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Destination charge

Destination charge is a term every car buyer should know. Bankrate explains what it is.

What is a destination charge?

A destination charge, also called a delivery fee, freight fee or transportation fee, is the fee that an auto manufacturer charges the customer to deliver the vehicle from the factory to the dealership. The dealer does not include this in the ticket price.

Deeper definition

Unlike with the sale price of a vehicle, a buyer can’t negotiate the destination charge and must pay it even if he picks up the vehicle directly from the manufacturer at the factory instead of at the dealership. In most cases, the destination fee is a flat fee that the manufacturer arrives at by calculating the average cost for shipping a vehicle, based on both the farthest and closest dealership for the manufacturing plant. Destination charges typically range from $400 to $800.

The destination charge covers only the cost of shipping the vehicle within the United States. If the vehicle comes from a manufacturing plant in another country, the additional charge of shipping from overseas is factored into the manufacturer’s suggested retail price, or MSRP.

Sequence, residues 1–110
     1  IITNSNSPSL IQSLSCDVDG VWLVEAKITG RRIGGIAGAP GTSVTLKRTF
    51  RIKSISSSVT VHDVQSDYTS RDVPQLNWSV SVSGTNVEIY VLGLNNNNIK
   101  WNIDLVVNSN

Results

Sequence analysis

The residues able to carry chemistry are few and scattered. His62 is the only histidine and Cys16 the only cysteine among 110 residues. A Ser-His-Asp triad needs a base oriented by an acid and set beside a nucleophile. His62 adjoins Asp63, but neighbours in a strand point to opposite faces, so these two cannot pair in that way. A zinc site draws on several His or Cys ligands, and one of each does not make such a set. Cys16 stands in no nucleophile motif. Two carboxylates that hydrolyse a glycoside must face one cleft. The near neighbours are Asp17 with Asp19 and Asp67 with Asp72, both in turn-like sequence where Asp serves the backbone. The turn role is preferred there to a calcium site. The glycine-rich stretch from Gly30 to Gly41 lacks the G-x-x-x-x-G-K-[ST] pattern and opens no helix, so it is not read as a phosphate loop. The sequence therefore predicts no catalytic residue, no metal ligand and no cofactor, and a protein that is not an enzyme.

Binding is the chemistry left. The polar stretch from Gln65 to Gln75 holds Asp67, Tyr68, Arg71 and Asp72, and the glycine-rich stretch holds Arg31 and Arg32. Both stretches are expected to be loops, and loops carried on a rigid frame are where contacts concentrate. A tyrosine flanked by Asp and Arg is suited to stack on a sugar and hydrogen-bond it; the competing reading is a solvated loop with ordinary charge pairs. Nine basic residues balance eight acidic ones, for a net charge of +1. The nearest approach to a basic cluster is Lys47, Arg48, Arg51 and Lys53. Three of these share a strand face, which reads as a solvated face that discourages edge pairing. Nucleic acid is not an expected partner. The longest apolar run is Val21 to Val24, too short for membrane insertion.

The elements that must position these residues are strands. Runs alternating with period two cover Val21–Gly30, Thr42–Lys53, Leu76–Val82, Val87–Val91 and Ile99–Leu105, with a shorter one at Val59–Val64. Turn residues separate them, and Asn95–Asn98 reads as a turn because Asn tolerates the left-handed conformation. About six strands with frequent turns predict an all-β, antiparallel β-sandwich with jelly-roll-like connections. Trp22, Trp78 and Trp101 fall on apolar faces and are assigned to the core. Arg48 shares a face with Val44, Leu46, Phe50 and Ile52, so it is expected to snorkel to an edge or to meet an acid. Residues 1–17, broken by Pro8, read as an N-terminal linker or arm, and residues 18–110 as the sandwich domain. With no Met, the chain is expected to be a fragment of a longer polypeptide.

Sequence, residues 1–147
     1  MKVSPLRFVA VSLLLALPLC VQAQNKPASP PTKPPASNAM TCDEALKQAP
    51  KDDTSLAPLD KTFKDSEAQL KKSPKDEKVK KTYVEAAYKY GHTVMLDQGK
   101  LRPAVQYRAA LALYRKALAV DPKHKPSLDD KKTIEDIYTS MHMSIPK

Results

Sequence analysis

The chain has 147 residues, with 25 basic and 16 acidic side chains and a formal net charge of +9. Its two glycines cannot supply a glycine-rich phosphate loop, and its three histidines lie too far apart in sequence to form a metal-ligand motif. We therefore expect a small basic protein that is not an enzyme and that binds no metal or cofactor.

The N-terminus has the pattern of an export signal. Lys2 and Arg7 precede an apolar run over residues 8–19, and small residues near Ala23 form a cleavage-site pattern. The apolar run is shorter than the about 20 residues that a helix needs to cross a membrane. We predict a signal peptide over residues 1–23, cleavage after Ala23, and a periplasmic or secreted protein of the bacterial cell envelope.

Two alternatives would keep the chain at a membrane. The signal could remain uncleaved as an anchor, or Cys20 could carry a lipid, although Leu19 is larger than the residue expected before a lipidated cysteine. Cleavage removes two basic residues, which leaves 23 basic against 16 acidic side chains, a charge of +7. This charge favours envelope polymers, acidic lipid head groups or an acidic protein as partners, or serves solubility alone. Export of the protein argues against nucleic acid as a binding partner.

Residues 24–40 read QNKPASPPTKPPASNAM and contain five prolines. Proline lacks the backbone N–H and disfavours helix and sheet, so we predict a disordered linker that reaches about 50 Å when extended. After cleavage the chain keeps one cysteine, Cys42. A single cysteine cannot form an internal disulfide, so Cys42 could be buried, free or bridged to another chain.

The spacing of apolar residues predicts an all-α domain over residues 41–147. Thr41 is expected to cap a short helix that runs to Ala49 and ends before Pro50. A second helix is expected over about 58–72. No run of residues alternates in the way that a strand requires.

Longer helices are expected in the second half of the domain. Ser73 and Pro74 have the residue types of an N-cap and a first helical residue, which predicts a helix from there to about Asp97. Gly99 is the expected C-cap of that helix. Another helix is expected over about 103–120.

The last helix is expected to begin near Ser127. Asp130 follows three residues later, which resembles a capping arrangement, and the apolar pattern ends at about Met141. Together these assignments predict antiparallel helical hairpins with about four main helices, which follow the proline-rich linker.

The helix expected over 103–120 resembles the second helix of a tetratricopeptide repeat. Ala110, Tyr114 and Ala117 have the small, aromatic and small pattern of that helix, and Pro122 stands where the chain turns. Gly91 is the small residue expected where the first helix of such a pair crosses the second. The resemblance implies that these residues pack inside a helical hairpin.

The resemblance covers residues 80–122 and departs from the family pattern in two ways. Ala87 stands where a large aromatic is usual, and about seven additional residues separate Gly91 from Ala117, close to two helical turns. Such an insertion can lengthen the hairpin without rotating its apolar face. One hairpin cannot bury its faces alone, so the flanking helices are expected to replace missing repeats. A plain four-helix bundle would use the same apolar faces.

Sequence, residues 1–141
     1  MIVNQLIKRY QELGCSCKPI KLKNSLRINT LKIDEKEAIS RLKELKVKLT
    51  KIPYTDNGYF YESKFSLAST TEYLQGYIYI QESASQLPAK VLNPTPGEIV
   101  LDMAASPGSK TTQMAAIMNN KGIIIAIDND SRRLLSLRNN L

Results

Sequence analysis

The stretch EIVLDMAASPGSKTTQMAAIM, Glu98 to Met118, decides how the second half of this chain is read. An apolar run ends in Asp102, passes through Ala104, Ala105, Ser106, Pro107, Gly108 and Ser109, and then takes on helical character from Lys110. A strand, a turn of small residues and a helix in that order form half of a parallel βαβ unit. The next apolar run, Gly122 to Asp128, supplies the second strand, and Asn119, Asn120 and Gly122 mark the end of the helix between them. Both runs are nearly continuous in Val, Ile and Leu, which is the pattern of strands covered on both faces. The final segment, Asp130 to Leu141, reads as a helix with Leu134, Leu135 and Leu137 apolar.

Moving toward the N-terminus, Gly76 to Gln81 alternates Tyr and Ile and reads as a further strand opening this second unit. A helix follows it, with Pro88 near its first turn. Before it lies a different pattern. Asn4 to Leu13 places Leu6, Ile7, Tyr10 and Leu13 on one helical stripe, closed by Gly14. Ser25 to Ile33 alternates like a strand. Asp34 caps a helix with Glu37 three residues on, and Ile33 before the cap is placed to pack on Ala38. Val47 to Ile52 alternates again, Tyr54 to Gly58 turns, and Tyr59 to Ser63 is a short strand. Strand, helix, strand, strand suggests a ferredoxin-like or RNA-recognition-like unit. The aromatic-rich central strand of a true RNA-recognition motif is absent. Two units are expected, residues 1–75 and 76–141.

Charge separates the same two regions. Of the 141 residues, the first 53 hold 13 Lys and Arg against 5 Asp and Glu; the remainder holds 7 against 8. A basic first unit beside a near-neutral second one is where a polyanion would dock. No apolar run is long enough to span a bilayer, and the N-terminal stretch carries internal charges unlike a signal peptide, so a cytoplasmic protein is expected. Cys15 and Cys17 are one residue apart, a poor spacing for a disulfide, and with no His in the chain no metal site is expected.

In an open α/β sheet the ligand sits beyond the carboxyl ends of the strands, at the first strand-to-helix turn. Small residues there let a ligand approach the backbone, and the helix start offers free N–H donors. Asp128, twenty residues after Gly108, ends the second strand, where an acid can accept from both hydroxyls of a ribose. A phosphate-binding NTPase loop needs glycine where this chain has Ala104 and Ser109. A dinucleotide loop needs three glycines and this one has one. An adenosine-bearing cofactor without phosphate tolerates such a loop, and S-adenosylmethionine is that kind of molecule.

There are some exceptions to destination charges, specifically when a customer buys from an overseas manufacturer such as BMW, Volvo or another imported brand. The manufacturer may offer a discount for buyers who travel to the manufacturer’s country to pick up the vehicle. This discount is typically capped at a certain percentage of the vehicle’s total cost and may include expenses such as ground transportation to the plant and the cost of insurance while driving the vehicle overseas before returning home.

The U.S. government requires manufacturers to charge a destination fee, which is applied before taxes, so that sales tax is charged on the destination charge also.

If you’re thinking of getting a new car, use Bankrate’s auto loan calculator to determine your monthly car payment.

Destination charge example

A few decades ago, an auto buyer could travel to the manufacturing plant and pick up the vehicle instead of at the dealership, which eliminated the destination charge. However, this fee is now required, regardless of where the buyer picks up the vehicle. When a customer buys a vehicle, he pays this flat fee, in addition to the total cost of the car.

Looking for a car loan? Don’t make these five car loan mistakes that cost you money.

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